So says King David on the day he commissions his son Solomon to build the Temple in Jerusalem (I Chronicles 29:11).
These words echo through the names of the sefirot. Synagogue-goers chant them before reading from the Torah scroll. And they inspired several Jewish philosophers to reflect on how the human psyche touches God.
Like King David, Judah Abrabanel (d. 1535) is awed by “the heavens in all their splendour.” Many of us experience this awe while stargazing. We see faraway lights, bringing us information about events eons old. Our minds stretch to grasp the enormity of our universe. As Abrabanel says, our physical sight awakens a higher perception we call insight. This flash of insight is a rush of love for the Divine — brought to you by splendour.
The core spiritual responsibilities of a Jew, says Moses Maimonides (d. 1204), are to love God and to know God. The embodied wisdom of the created world makes them easy. We simply live, experience, and contemplate. Gratitude and humility become basic inner postures, part of our sense of being in this world and, eventually, deeply felt proofs of God’s presence.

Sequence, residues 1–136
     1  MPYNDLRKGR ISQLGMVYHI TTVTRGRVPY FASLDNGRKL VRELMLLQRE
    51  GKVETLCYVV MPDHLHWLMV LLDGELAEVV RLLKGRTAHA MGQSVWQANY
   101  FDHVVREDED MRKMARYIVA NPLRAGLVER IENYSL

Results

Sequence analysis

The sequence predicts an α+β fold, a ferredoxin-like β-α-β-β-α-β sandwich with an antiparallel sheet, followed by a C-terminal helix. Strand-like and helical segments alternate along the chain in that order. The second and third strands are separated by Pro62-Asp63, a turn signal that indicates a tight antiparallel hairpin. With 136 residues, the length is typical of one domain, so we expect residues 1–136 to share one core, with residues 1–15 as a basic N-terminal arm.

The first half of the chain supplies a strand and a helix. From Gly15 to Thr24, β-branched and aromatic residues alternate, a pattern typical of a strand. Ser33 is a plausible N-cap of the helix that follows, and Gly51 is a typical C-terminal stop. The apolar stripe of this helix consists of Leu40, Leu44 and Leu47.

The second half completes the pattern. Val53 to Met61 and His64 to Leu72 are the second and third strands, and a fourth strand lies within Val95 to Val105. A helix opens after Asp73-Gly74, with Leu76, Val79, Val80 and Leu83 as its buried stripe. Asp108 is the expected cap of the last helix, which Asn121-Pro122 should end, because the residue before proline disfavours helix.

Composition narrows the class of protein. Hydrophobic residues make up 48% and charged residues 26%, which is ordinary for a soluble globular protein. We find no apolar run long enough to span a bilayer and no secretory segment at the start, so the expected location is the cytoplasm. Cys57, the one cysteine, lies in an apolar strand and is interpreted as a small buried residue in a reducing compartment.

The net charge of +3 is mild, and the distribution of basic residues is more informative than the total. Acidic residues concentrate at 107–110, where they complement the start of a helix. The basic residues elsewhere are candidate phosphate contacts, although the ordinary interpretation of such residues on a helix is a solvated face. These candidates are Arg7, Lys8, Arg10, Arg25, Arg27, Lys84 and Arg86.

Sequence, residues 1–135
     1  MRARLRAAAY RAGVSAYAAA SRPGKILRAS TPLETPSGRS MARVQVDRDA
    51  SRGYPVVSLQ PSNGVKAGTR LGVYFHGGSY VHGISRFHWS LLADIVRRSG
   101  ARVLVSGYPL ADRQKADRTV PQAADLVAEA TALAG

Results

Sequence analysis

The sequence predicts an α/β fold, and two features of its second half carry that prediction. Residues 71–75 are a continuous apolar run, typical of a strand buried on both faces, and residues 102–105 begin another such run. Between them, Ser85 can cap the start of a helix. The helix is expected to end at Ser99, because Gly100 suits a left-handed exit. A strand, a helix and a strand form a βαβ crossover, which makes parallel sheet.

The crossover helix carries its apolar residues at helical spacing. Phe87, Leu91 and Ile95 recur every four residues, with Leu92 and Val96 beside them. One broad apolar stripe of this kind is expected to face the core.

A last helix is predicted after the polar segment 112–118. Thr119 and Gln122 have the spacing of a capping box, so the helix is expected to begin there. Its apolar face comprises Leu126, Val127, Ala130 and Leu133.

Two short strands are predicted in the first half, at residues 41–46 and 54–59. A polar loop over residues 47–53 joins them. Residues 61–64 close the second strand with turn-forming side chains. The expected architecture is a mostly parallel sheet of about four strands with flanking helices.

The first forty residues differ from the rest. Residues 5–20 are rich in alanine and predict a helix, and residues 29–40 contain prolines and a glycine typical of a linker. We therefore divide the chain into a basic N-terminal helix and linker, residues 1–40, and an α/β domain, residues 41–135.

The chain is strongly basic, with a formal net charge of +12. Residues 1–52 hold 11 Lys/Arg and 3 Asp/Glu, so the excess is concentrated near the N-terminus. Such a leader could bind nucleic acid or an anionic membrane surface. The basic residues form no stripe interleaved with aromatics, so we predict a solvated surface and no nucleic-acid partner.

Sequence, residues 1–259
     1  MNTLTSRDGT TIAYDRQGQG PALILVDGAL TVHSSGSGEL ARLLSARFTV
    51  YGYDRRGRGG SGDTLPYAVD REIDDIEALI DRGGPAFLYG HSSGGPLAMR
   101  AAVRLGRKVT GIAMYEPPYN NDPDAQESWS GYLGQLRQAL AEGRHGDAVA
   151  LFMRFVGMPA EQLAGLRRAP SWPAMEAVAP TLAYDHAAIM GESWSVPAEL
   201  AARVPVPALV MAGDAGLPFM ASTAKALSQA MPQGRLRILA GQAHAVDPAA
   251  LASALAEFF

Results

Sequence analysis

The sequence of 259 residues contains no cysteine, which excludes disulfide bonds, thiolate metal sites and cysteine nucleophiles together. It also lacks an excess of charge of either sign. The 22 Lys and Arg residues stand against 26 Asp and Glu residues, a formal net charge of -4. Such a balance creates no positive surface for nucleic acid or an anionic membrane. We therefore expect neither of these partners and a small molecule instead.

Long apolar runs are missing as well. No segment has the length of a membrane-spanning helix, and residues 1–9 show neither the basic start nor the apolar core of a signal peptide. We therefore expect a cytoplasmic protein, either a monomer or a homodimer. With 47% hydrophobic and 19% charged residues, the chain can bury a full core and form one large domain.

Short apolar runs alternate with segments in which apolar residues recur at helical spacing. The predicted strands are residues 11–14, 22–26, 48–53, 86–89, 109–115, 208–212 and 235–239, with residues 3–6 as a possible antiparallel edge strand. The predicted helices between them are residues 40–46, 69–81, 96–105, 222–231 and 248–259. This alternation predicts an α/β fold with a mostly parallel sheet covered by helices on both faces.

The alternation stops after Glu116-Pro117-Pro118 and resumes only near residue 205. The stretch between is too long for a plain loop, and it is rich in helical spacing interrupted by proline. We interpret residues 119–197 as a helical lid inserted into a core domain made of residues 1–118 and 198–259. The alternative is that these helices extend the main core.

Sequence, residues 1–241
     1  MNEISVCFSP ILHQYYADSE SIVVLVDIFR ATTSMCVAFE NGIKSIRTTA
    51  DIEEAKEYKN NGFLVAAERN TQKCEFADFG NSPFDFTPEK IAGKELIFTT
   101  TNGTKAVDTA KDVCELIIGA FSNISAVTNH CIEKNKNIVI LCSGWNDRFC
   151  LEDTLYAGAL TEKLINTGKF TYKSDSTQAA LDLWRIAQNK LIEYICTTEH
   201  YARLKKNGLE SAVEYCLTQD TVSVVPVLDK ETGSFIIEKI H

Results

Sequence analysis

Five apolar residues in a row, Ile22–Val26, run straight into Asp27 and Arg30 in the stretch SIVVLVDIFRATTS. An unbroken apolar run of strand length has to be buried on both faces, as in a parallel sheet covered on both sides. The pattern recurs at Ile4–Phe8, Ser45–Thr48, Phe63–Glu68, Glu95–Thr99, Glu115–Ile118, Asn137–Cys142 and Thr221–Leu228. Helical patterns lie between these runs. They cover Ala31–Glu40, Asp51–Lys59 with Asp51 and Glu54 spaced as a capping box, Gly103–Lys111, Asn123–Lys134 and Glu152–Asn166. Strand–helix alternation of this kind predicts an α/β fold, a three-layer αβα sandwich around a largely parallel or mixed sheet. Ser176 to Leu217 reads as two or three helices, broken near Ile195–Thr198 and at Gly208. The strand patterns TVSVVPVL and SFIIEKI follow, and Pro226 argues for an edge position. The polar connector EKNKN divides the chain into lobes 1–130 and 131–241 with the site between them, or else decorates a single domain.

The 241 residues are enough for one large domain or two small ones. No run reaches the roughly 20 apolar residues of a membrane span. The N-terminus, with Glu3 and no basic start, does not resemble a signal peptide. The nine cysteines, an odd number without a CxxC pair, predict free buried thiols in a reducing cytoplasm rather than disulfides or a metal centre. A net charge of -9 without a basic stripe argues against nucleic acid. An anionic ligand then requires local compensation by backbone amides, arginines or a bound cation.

The word hod itself, points to gratitude. Seven times, the Psalmist says, “Give thanks (hodu) to God, because God is good” (Psalms 110:1; 118:1, 118:29, 131:1, 131:2, 131:3, 131:26). And how do we know God is good? “Because,” says Maimonides “heaven and earth!”
What kinds of splendour move you to insight, gratitude, or humility? Can everything on earth and in heaven uplift you, or teach you? Where do you get stuck? What kind of tikkun, corrective action, could move you?